December 4, 2002  Solar Eclipse Expedition Report

On Sunday Morning, December 1 we departed Hazyview in the South of the Kruger National Park and enjoyed a spectacular drive through mountains into North-East South Africa. We arrived in Messina late that afternoon. Temperatures rose along the way. 18 degrees C when we departed Hazyview and 38 degrees C in Messina! Monday, Dec. 2 dawned cloudless and very hot. Seemed as hot as Mauritania in '73. We were hosted in a private residence in Messina and setup our instruments in the backyard. Private and secure with a 7' masonry fence surrounding the yard. Alignment went smoothly and Monday afternoon we drove 12km to the Zimbabwe border and looked across the bone dry Limpopo river. Apparently this region, including Zambia is experiencing a severe drought.

Tuesday morning dawned clear again, but one could see distant clouds on the Southern horizon most of the day. Eclipse morning, I arose at 3am local time (GMT +2:00) and observed dark southern skies. In this town with a few streetlights I could see + 5mag. Magellanic Clouds are always a special treat to observe. By 4am I could perceive that clouds were obstructing large areas of the sky, and by sunrise the sky was 50% scattered. Things kept getting worse and by first contact (7:12am) things looked bad., ~80% scattered. The sky looked bleak until ~8am when a few openings appeared.

I was able to track and set drive rates through the holes that passed our way. The final 15 minutes before second contact things began improving and totality was observed through a hole that passed our way just at the right moment. There were 2 levels of clouds. High cirrus drifting to the North and low running scud coming from the ENE. Totality was predicted to last 68s in Messina. I ran a sequence of 5 exposures with the Newkirk camera. 2, 5, 40, 10 and 1seconds. Only towards the end of the 40s exposure did I observe some very tenuous low clouds moving into the field of view and they were so wispy that I decided to continue the exposure rather than cut it short.

Messina-700 UT      
Messina-700 UT.jpg
© EUMETSAT, 2002
45 minutes before totality
4 minutes following totality
South African Road Warning

All images shown on our web server are subject to copyright. If you wish to re-use these images, copyright credit should be shown by displaying the words "©2002 - Wendy Carlos & Jonathan Kern - all rights reserved" on each of the images shown. Updated 12/15/2002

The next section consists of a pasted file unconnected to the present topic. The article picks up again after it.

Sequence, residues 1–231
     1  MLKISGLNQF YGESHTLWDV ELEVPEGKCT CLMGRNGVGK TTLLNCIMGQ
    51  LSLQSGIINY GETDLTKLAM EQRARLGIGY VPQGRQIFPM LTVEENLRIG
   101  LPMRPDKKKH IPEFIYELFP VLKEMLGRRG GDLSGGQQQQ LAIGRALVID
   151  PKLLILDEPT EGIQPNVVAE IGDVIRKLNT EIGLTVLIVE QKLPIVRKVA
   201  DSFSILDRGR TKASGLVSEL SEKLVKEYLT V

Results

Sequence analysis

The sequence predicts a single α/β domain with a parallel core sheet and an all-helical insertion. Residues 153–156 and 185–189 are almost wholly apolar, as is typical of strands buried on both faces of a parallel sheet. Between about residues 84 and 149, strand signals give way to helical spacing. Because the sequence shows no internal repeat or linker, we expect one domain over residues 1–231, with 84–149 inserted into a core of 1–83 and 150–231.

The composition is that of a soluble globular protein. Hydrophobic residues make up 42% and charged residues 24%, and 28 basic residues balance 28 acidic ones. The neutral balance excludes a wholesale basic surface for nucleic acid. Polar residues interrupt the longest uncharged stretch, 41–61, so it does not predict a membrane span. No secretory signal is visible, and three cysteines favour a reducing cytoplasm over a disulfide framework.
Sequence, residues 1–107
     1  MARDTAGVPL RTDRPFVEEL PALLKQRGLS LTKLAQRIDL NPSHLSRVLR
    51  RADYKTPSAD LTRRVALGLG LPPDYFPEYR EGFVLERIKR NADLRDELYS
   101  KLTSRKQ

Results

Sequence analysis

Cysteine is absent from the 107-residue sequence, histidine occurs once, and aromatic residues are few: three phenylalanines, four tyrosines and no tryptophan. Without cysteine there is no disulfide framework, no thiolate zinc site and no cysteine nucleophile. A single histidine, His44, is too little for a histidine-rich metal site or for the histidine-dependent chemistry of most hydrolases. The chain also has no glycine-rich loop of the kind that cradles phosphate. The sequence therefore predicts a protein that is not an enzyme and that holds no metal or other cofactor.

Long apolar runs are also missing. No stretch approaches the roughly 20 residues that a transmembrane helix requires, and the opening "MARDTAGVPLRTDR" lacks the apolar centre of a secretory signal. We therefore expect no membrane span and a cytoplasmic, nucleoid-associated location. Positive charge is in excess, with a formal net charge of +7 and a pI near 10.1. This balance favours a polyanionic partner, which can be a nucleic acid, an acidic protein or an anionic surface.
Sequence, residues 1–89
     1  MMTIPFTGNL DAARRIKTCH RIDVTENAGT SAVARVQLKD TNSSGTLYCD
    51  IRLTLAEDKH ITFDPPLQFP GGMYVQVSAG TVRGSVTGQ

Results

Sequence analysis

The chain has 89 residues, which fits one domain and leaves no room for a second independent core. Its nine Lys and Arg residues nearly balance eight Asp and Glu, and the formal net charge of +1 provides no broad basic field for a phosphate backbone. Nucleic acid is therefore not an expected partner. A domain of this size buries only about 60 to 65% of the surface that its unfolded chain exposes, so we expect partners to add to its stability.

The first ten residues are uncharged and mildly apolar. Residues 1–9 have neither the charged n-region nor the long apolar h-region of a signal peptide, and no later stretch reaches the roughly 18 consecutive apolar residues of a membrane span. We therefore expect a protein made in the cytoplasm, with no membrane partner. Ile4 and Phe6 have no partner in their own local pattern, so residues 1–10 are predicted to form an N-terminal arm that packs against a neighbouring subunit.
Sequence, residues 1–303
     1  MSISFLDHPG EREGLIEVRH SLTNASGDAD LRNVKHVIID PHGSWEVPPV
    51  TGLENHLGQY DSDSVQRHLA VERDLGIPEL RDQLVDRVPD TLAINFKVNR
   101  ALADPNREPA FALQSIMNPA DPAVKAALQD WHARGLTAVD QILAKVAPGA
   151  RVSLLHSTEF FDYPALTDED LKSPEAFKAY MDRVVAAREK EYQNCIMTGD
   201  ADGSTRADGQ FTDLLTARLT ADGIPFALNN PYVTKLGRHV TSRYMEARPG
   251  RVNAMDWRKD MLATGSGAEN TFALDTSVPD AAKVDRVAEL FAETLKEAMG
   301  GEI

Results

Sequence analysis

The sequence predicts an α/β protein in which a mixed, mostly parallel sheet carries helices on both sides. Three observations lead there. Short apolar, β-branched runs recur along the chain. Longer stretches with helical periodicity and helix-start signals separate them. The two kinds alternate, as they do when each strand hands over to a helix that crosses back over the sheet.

Newkirk Camera Images
Obtained December 4, 2002  in Messina, South Africa by Jan and Jonathan Kern
Colorimetric calibration and digital image processing by WENDY CARLOS

Direct  image made with Newkirk camera

2002  Solar Eclipse Composite by Wendy Carlos

 The above images are a collaborative effort of Wendy Carlos and myself.  See her Eclipse page for a description of her work.

The NEWKIRK camera which Jonathan Kern designed and built to obtain these images uses a 4" quartz/fluorite doublet of 60.25" f.l. fed by an 8" quartz coelostat. Below are unprocessed exposures obtained through the radially symmetric, neutral density filter located in the focal plane which compensates for the steep decline in coronal radiance with increasing distance. (the NEWKIRK filter, after Gordon Newkirk, former director of the High Altitude Observatory). It is fabricated by evaporating a metal film onto glass in a high vacuum. The basic requirement of such a filter is that it compensate as accurately as possible for the radial decrease in brightness as one goes away from the limb of the sun in the film plane of the telescope. Thus, the transmission should vary as the reciprocal of the function describing the K+F+sky brightness. This calls for an optical density of 10 -3 at the limb (10 f/stops, or a factor of 1000) decreasing very rapidly to a density of near unity at 4 solar radii. (See curve) The solar image at focus was .570" in diameter. The plate scale is .0175"/ minute of arc, yielding  a photographic field of 2.12 by 2.68 degrees on 120 format roll-film (image size 2.23" x 2.81") . The central spot you see in each image is the calibration window, which remains centered on the sun. Because there is perceptible motion of the moon with respect to the sun, the NEWKIRK filter may appear decentered. It is not.  North is up.

Click on each image for a full screen view

001_Newkirk-2s.jpg 002_Newkirk-5s.jpg 003_Newkirk-40s.jpg 004_Newkirk-10s.jpg 005_Newkirk-2s.jpg

Newkirk camera in Messina

Density function of NEWKIRK filter  

 \/ \/ \/ \/ \/ \/ \/ \/ \/                        See more below                    \/ \/ \/ \/ \/ \/ \/ \/ \/

Digital Images obtained December 4, 2002  in Messina, South Africa by Jan and Jonathan Kern

Frames DSC_2736 through DSC_2776 were exposed in Messina, South Africa on Wednesday, Dec 4 2002.  They do not benefit from a Newkirk filter. The imaging system was a TeleVue 70mm 520mm f/7.4 refractor and a Nikon D-100 digital SLR.  Exposure times are listed below each frame.  A Celestron NexStar mount was adapted to track the sun alt-azimuthally during the eclipse. Altitude tracking was fairly good.  Azimuth obviously moved and the solar image is not well centered in the frame.  This was because of backlash in the gear train, which is not preloaded. It was not possible to manipulate the camera's shutter speed control without disturbing the alignment.   North is ‘up’ (approximately). 

DSC_2736 DSC_2737 DSC_2738 DSC_2739 DSC_2740
1/2000 sec
1/750 sec
1/250 sec
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DSC_2741 DSC_2742 DSC_2743 DSC_2744 DSC_2745
1/10 sec
1/4 sec
1 sec
2 sec
1 sec
DSC_2746 DSC_2747 DSC_2748 DSC_2749 DSC_2750
1/4 sec
1/10 sec
1/30 sec
1/90 sec
1/250 sec
DSC_2751 DSC_2752
1/750 sec
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DSCN1839.jpg DSCN1840.jpg FOV